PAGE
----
BBC NEWS Americas Africa Europe Middle East South Asia Asia Pacific Chinese Vietnamese Burmese Thai Indonesian

BBC News World Edition
 You are in: Asia-Pacific  
News Front Page
Middle East
South Asia
Talking Point
Country Profiles
In Depth
BBC Sport
BBC Weather
Tuesday, 3 September, 2002, 04:38 GMT 05:38 UK
Korean typhoon death toll rises
Residents look at cars in mud at Tonghae, east of the capital Seoul
The Rusa typhoon is the worst since 1959
Soldiers in South Korea are continuing efforts to rescue 71 people still missing after the peninsula was battered by its worst typhoon in 40 years.

South Korea's anti-disaster centre said 113 people were confirmed killed after Typhoon Rusa swept through the country over the weekend.

  • Winds hit 204kph (127mph)
  • 89 centimetres (35 inches) of rain
  • 20,000 homes flooded
  • 5,100 hectares (12,600 acres) of farmland flooded

  • Officials are warning that the damage is likely to be the worst in the nation's history.

    Cho Soon-sung, adviser to South Korea's ruling Millennium Democratic party, told the BBC that the clean-up was expected to take at least a month.

    The death toll from the storm is expected to rise as searches continue, warned Kim Jin-young, a director at the National Disaster Prevention Headquarters.

    South Korea's cable network YTN said 215 people were feared to have perished - victims of floods, landslides and collapsing buildings.

    North Korea also reported heavy human losses, with the country's official media - the Korean Central News Agency - saying that "scores" of people were killed.

    Infrastructure damaged

    South Korean President Kim Dae-jung called an emergency cabinet meeting to put the government on disaster alert as the country struggled to cope with the effects of the typhoon.

    South Korean soldiers are mobilised to help with the massive clean-up operation
    Rusa did enormous damage to the country's infrastructure

    Government adviser Mr Cho told the BBC that the typhoon had done enormous damage to the country's infrastructure, including the road and rail systems and the telecommunications network.

    Tens of thousands of people were without electricity after floodwaters and mudslides cut the supplies.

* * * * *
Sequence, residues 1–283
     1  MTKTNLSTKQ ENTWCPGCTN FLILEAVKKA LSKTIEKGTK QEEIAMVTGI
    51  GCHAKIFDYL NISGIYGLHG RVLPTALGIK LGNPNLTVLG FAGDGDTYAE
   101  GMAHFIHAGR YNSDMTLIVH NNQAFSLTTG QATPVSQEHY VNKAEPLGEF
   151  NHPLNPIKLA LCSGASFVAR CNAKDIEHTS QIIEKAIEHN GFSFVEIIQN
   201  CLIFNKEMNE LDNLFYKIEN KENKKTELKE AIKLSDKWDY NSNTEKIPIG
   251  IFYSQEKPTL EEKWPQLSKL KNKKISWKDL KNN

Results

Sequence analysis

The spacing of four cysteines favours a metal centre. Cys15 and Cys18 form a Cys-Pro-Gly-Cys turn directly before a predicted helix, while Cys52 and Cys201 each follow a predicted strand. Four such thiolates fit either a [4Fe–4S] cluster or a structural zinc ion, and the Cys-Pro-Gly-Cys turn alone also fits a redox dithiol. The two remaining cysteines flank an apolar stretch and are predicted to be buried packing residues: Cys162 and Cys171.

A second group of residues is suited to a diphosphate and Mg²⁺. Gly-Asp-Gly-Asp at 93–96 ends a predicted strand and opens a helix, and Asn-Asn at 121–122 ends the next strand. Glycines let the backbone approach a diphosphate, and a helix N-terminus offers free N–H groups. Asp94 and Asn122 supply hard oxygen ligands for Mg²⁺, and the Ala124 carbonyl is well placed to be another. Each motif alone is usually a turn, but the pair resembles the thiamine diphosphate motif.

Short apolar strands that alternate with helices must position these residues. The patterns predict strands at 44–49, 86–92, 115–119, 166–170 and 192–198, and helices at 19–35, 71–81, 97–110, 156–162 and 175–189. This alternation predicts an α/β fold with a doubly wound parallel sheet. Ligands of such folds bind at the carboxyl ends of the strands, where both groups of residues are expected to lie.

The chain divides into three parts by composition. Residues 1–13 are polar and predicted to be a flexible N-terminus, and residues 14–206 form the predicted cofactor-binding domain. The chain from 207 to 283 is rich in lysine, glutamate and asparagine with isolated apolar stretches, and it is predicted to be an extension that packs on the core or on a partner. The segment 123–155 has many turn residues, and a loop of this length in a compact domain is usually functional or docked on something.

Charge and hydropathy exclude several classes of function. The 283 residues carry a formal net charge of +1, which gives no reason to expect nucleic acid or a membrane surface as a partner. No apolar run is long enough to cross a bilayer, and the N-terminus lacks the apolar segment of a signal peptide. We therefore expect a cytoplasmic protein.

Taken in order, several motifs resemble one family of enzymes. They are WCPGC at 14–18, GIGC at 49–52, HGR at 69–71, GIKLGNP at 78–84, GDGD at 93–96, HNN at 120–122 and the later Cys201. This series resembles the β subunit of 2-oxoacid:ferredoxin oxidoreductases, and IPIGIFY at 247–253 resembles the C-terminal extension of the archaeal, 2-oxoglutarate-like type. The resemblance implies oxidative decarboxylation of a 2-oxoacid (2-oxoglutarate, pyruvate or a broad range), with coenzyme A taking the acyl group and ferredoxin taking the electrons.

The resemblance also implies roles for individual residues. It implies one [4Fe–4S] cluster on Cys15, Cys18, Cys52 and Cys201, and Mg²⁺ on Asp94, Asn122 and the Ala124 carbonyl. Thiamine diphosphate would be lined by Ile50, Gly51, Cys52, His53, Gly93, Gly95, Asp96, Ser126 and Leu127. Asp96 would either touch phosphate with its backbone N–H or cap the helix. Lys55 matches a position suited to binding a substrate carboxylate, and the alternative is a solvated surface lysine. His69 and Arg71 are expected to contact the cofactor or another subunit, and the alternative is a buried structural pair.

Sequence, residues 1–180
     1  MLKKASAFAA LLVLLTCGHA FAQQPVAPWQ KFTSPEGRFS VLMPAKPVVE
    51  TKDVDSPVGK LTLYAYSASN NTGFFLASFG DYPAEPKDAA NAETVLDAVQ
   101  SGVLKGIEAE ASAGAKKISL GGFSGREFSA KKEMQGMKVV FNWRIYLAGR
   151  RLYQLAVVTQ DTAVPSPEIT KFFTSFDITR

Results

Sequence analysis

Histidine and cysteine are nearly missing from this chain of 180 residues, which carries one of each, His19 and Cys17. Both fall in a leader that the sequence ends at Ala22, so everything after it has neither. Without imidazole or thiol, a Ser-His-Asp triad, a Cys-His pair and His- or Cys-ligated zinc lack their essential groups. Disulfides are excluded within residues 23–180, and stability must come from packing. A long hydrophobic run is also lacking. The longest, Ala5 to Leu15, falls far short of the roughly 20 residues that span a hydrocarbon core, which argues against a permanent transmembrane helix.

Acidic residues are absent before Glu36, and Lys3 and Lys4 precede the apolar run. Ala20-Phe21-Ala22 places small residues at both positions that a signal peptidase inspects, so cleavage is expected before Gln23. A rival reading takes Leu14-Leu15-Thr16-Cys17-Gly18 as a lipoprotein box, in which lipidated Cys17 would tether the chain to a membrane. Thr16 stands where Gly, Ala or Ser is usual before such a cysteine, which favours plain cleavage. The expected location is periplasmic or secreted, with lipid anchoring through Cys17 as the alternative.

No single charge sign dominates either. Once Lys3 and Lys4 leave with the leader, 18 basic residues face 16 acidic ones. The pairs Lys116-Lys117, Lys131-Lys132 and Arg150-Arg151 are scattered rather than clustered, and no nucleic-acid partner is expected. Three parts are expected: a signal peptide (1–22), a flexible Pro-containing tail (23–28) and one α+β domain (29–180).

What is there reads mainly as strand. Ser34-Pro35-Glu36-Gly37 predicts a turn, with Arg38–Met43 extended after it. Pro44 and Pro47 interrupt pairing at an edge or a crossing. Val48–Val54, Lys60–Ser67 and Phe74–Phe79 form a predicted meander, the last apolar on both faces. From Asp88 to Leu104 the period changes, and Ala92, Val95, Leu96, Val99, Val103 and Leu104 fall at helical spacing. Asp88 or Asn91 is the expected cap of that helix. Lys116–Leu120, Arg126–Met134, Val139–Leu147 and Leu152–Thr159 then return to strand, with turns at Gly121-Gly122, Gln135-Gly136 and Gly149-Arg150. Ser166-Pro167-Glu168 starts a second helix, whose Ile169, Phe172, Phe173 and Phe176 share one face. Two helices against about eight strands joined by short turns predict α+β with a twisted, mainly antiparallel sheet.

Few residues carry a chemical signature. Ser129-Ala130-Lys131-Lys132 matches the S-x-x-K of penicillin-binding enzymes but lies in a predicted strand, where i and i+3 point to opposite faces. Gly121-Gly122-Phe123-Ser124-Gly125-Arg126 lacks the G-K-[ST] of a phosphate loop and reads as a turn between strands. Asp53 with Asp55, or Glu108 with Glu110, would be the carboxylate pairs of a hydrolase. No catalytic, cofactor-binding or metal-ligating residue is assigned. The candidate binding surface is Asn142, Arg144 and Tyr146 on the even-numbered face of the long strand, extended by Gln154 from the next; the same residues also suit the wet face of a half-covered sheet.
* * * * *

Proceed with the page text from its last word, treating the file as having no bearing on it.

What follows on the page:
The southern city of Busan faces the additional problems of having to clear up before the Asian Olympics, due to begin at the end of September.

    Several sports facilities, including part of a field hockey stadium, were severely damaged, the Associated Press news agency reported.

    Rusa, the Malaysian word for deer, is the most powerful storm to hit the Korean peninsula since Typhoon Sarah in 1959, which left more than 840 dead or missing.

    South Korea's anti-disaster centre estimated $700m-worth of property damage.

    'Hell on earth'

    The eastern port city of Kangnung was one of the worst-hit areas.

    South Korean residents stand helplessly looking over their demolished two-storey brick house
    The damage is estimated in hundreds of millions of dollars

    The BBC's Caroline Gluck said it had been almost totally submerged, with water reaching the roofs of houses.

    Landslides there buried buildings and cars and pedestrians waded through waist-high water.

    "This is a hell on earth," 54-year-old housewife Kim Jung-ok told AP as she shovelled mud out of her living room.

    See also:

    01 Sep 02 | Asia-Pacific
    18 Aug 02 | Asia-Pacific
    14 Jul 02 | Asia-Pacific
    12 Jul 02 | Asia-Pacific
    05 Jul 02 | Asia-Pacific
    04 Jul 02 | Asia-Pacific
    18 Sep 00 | Science/Nature
    Internet links:

    The BBC is not responsible for the content of external internet sites

    Links to more Asia-Pacific stories are at the foot of the page.

    E-mail this story to a friend

    Links to more Asia-Pacific stories

    © BBC ^^ Back to top

    News Front Page | Africa | Americas | Asia-Pacific | Europe | Middle East |
    South Asia | UK | Business | Entertainment | Science/Nature |
    Technology | Health | Talking Point | Country Profiles | In Depth |